IN September 1963, Irene Hodgson was out shopping, pushing her pram in front of her as she crossed the top of Darlington's Tubwell Row - and a photographer caught in action.

The Northern Echo: A busy street scene in Tubwell Row in September 1963. That lady is pushing a pram that must have come from Thornleys in Northgate

“It was a sage cream Silver Cross with a cream interior that we bought from Thornleys in Northgate,” says her husband, George, who spotted Irene on the cover of Memories 538. “At the time, I was quite surprised how much prams were. I think it was about £34.”

Irene and George had met at the Palais de Danse in Grange Road on the super-sprung dancefloor, courted at the Baths Hall in Gladstone Street to the sound of Johnny Dankworth and Sid Phillips, and married at the Louisa Street Methodist church.

Clive, their first born who is now a stockbroker in Glasgow, would have been nine months old when Irene was captured crossing Tubwell Row on a shopping trip. The pram then did service for their daughter, Carol, who was born in 1969.

The Northern Echo: Irene Hodgson in Doggarts, from the Evening Despatch's "Pretty Girls At Work2 series

This is not the first time that Irene, who died in 2017, has appeared in the papers. Shortly before she and George married, she was photographed by the Echo’s former sister newspaper, the Evening Despatch, behind the counter at Doggarts, in Northgate, where she was a shop assistant. The picture was printed in the Despatch as part of its “Pretty Girls At Work” series (above). How times change.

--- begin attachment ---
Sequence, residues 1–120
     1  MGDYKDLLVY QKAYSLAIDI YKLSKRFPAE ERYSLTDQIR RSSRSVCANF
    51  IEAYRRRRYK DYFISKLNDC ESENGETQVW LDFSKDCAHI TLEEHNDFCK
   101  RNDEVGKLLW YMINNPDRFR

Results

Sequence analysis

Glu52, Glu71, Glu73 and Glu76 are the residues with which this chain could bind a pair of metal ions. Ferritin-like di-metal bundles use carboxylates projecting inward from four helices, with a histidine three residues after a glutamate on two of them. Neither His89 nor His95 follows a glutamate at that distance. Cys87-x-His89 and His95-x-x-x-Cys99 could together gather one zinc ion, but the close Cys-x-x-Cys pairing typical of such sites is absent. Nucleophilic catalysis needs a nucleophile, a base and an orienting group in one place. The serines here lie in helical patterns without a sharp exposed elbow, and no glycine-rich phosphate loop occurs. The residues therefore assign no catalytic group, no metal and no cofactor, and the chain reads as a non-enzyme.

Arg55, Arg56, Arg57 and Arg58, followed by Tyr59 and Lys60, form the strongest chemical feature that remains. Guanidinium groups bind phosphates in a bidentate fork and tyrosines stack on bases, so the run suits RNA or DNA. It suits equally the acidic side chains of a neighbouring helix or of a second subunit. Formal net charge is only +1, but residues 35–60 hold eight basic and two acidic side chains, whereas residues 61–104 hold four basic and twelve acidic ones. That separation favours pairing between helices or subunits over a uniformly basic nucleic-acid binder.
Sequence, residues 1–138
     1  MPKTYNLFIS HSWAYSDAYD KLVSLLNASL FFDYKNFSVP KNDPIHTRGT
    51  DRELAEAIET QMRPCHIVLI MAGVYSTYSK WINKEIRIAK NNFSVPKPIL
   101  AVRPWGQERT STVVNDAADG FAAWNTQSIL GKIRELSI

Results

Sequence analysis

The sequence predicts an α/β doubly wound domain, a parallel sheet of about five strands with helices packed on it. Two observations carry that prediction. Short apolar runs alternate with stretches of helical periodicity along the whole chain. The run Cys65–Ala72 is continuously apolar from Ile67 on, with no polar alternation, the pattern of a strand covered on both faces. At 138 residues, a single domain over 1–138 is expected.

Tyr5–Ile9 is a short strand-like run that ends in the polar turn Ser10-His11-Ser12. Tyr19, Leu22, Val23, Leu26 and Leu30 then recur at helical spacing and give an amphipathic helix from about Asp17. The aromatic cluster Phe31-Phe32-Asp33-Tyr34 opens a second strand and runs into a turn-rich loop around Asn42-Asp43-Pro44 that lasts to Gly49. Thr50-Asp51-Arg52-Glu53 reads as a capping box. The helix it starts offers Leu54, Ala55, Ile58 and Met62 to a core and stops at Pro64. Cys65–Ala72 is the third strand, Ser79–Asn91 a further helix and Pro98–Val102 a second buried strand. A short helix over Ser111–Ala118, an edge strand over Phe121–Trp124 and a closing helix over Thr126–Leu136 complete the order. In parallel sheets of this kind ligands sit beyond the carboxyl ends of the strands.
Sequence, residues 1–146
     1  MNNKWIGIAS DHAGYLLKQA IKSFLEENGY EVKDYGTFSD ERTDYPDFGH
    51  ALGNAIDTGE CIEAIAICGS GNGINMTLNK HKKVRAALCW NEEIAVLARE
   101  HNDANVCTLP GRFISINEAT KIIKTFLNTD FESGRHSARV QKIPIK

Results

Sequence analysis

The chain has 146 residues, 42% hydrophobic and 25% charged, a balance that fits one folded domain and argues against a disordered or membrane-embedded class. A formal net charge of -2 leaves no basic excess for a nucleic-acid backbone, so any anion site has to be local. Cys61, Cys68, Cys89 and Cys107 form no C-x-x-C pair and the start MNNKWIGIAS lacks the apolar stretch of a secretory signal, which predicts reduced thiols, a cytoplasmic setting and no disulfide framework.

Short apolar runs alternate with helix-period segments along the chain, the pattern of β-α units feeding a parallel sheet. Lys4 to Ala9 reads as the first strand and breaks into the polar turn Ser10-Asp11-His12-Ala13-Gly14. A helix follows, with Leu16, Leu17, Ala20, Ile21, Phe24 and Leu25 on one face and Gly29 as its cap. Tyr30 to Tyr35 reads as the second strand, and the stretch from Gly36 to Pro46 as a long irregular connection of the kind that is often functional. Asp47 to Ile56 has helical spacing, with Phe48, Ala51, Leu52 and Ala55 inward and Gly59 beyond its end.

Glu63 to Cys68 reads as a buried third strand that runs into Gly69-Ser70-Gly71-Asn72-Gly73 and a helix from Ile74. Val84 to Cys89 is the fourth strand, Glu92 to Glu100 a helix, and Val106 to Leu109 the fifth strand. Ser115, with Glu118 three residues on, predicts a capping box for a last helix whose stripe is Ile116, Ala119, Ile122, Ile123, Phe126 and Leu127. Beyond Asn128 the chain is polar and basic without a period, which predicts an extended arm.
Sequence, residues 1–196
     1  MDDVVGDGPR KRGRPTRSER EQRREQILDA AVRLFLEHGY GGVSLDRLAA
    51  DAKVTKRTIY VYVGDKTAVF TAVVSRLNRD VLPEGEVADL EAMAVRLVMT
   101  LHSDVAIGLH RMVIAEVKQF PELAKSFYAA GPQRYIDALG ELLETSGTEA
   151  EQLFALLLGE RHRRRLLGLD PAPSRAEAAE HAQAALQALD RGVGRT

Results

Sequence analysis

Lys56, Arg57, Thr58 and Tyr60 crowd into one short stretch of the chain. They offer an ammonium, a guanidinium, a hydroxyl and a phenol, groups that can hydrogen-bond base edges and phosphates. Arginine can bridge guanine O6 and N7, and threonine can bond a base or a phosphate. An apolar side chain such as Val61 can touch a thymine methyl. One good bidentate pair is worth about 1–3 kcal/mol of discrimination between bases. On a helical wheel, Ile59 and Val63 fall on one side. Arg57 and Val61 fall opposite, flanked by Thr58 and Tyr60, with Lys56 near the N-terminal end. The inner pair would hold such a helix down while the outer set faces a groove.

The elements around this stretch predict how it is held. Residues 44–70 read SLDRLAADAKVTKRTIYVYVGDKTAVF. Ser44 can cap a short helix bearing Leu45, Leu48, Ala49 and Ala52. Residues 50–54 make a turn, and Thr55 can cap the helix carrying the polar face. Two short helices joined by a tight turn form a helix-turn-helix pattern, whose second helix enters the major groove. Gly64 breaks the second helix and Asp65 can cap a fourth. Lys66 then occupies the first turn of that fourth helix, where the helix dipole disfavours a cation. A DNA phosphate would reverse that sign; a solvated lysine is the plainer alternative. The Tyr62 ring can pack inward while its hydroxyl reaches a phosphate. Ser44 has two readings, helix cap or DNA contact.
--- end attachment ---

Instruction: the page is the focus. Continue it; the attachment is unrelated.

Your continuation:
The Northern Echo: Grange Road in 1973 with La Bamba on the right - as the Palais de Danse, it had the best dancefloor in the North East

Grange Road in 1973 with La Bamba on the right - as the Palais de Danse, it had the best dancefloor in the North East

“She really enjoys her dancing,” said the short write-up alongside the picture, and the Palais de Danse really was a legendary venue. It had been JJ Hobson’s furniture showroom until, in the 1920s, the premises was bought by Tommy Alton, a garage proprietor who came to own most of the street. He installed the famous dancefloor: some versions of the story say it was thousands of tennis balls sandwiched between two pieces of wood to create the springy floor, but we believe it really was hundreds of springs in the sandwich, so it was like dancing on a very firm mattress.

“The only other floor like it in the North East was at the Oxford Galleries in Newcastle,” says George. “When I worked as a joiner, I repaired the floor. I had to put new hard wood pieces into it because it had got badly worn by the ladies’ high heel shoes.”

In the early days of the first floor Palais, dancing was to the sound of the Harry Windale Orchestra; in later years it was to Les Bean and the Palais Band.

In 1963, the dancehall was converted into Darlington’s first nightclub, La Bamba. It was here, on June 15, 1965, that singer Gerry Dorsey ditched his name because it wasn’t getting him anywhere and was reborn as Engelburt Humperdink, which was more memorable, if nothing else.

In the cellar beneath the dancefloor there was a secret gambling den, but one night in August 1968, a fire broke out down there and gutted the building – this must have been the end of the floor of a thousand springs, although La Bamba reopened and had people dancing into the 1970s.

This scene of revelry is now offices named Alton House after Tommy, who died in 1956 and boasted that such was his love of the nightlife in his dancehall that he never went to bed on the same day on which he got up.



The Northern Echo: La Bamba sign in Grange Road, Darlington

La Bamba sign in Grange Road, Darlington